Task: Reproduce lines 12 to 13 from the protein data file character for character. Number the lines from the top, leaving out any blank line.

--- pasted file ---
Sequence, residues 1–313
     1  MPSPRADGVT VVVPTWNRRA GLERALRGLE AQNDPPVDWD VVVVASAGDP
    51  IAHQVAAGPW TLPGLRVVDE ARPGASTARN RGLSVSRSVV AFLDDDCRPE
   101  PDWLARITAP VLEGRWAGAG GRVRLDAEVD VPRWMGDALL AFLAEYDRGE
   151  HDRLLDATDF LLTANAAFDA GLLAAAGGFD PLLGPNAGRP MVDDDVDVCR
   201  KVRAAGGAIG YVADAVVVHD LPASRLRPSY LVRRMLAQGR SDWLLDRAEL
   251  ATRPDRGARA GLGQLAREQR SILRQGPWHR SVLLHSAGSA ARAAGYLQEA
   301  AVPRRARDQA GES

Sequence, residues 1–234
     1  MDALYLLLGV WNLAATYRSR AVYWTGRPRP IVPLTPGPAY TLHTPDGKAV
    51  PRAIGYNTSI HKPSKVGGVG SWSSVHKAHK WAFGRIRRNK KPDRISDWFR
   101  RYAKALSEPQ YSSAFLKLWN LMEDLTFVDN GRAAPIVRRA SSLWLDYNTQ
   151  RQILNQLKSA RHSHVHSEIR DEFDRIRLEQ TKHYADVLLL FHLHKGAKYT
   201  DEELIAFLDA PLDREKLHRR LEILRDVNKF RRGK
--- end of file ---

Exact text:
   101  RYAKALSEPQ YSSAFLKLWN LMEDLTFVDN GRAAPIVRRA SSLWLDYNTQ
   151  RQILNQLKSA RHSHVHSEIR DEFDRIRLEQ TKHYADVLLL FHLHKGAKYT